This year we had three grades: 50, 70, and 90 kms, with the two longer rides presenting some challening climbs, combined with rewarding country scenary and fast descents.

More info, photos

Holroyd — Steering Committee Set Up

A meeting of Holroyd Council on August 9th approved a Bicycle Steering Committee, advertising for members will happen in next month or so. Known cyclists in area have been informed.

Construction along old canal between Gipps Rd and Prospect Reserviour is completed and pathway is open. Connection through the bush to Wetherill Park is under way, although it looks like a bridge is needed over the creek. A very, very low use road bridge exists and could be used to speed up opening. This road crosses the creek and its possible to walk or MTB the connection now except Transitway have erected a six foot wire fence to block the pathway!

Continuation to join the rail trail at Guildford is complete but there are five road crossings. RTA report access inside the Reservoir lands is only during daylight hours.

Parramatta-Liverpool Transitway: Dangerous on-road sections, in particular in Wetherill Park and along Great Western Highway, mean that this will not be a usable cycleway for some time to come. There has been no construction on the Canal to Parramatta section. Mr. Carl Scully advises in writing that Canal will be linked to Parramatta via Transitway planed route by end of December, 2003, with completion of the entire Transitway route soon thereafter.

At Hylands Rd where fourcycleways will join there is a road crossing of the Transitway where buses are doing 70 km/h. We fear this site will be the scene of cyclist fatalities once the cycleways are connected up. There is no sign of further construction in the immediate area. We have written to Mr. Scully with my concerns and he had acknowledged receipt of the letter and promised follow-up.

Joining the Canal to Fox St: The official Transitway route does intersect with the Wentworthville-Merrylands/Fox St on-road route but it’s not very direct. We will outline my preferred route asking for it to be treated with signposts and/or bike logos on the road as this is safer than just letting people find their own way and ending up riding along congested busy streets. The connection of the Canal to Rail Trail is completed, so there will be a long diversion via Guildford, but it is off-road all the way. This matter will be of interest to the new Holroyd Steering Committee.

Hawkesbury - Schools Connected

After a three year wait UWS and RAAF base Richmond have finally appointed their representatives to the Steering Committee. The Committee now truly represents cyclists in the Hawkesbury.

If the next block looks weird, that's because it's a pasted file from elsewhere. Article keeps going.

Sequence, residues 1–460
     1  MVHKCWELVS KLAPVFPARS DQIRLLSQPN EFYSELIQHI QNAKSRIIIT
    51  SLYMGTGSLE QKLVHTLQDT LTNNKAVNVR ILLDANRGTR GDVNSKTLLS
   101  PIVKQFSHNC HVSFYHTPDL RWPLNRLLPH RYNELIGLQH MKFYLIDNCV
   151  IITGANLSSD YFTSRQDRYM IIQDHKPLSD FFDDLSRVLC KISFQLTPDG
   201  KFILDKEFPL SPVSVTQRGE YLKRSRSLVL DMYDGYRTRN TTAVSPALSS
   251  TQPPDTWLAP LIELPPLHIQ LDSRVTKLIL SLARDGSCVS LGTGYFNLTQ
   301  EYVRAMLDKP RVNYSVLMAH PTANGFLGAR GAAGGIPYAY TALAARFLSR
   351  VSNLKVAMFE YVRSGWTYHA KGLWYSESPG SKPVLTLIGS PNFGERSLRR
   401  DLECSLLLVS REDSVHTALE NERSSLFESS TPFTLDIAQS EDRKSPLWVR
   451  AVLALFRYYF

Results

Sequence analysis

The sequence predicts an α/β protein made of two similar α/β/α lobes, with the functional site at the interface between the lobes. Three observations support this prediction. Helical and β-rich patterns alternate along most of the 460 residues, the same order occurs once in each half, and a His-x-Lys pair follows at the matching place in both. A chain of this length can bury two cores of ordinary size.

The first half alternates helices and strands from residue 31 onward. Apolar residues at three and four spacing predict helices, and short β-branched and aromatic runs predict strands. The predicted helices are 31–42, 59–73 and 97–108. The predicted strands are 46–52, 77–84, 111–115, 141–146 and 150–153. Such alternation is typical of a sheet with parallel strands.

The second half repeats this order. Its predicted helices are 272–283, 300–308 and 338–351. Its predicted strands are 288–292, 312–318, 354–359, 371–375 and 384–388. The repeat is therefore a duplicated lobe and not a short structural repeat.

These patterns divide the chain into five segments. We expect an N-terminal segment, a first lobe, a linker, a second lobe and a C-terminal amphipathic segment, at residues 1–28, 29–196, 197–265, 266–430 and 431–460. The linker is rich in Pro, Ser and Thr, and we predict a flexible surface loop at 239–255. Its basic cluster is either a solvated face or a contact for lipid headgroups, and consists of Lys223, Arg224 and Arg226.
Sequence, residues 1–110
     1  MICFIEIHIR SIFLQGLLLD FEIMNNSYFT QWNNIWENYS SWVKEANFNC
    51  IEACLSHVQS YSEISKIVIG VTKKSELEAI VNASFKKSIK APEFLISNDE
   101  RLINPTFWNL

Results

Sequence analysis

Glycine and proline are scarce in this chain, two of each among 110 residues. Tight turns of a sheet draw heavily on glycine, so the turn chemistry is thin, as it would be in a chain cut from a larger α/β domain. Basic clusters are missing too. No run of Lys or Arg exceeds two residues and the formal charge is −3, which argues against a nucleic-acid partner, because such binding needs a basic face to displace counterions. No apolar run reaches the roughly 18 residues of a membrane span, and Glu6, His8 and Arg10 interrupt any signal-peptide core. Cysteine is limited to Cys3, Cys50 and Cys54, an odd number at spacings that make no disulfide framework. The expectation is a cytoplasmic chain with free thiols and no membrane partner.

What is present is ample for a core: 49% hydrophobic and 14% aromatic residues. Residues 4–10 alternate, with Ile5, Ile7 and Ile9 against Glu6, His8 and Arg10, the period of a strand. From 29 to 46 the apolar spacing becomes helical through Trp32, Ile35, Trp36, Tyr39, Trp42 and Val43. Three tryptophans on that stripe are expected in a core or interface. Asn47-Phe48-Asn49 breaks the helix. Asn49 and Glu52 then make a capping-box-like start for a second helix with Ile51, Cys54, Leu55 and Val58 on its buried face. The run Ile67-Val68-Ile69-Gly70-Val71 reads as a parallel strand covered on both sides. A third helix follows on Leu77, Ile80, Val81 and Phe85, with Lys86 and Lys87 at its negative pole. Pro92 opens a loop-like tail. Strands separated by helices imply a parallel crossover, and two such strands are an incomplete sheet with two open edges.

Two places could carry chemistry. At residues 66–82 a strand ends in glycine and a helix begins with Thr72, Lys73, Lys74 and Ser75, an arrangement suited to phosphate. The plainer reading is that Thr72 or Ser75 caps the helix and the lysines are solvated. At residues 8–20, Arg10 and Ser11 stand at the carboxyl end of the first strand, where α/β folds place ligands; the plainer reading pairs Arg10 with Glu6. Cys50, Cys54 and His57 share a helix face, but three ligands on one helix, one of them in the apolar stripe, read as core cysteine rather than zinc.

The Colo High School section of the off road path to Kurrajong is due to restart this month with $104,700 committed for 2003/2004 of stage III.It is expected to reach Kurmond Road by Christmas. A further $75,000 is provisionally budgeted for 2004/2005 which should see the crossing of Bells Line of Road opposite Kurmond Public School and eventually to Kurrajong.

CAMWEST attended a meeting on 9 July at Holroyd Council to discuss the formation of a Steering Committee. Council approved the committee on 5 August  after only 27 days which is great!

We are also currently reviewing and updating the 1997 Bike Plan in an attempt to save the Committee $10,000 which is the estimated cost of consultants. It is a long process and could take us several months.

Council have approved a 690 lot sub-division housing development at PittTown and have formed an advisory committee to oversee the planning, and we have made a submission (although this was not presented at the 3 September meeting!).

Print Newsletter Released

Our Spring edition of our print newsletter is out now. It looks at Active Transport, why it's the way to go, and why Health Departments should have a bigger role in facilitating it. It also covers our popular Tizzana Winery ride and the Western Australia Government's Transport Energy Strategy, in response to the risk of oil depletion.

This is an excellent way to raise awareness of cycling issues in Western Sydney for people that may not necessarily come to our website. Why not print it out and send a copy to your MP, together with your letter?

Download Newsletter (PDF, 1.3 Mb)

CAMWEST at Bike Show

Did you catch CAMWEST at the recent Bike Show? It was a great success, with many people trying to find other people to cycle with in areas like Castle Hill, Baulkham Hills, Penrith, Liverpool, Campbelltown, etc. Many were intersested in CAMWEST's rides and also in advocacy. There was much interest in Bicycle User Groups (BUGs) in the Liverpool and Campbelltown areas.

CAMWEST AGM Report

We recently held our Annual General Meeting over dinner at a great Thai restaurant in Blacktown.

We thanked Danny Hannan for his service as President. He highlighted CAMWEST’s achievements in the last year and beyond. . Our secretary (Rob Catford) and treasurer (Rob Kemp) were re-elected unanimously. Our advocacy focus has been very successful over the last couple of years, so we are looking to grow with new members. There's a number of projects we'd like to get involved in. Join us and make a difference! More Info

Another Cyclist is Born

CAMWEST welcomes Lily Grace Catherine, bound to become a keen cyclist, into the world. And congratulations to Lily's parents, Sharon and Richard, ex-CAMWEST members and keen advocates of cycling.

ABC, CSIRO, New Scientist Cover Oil Depletion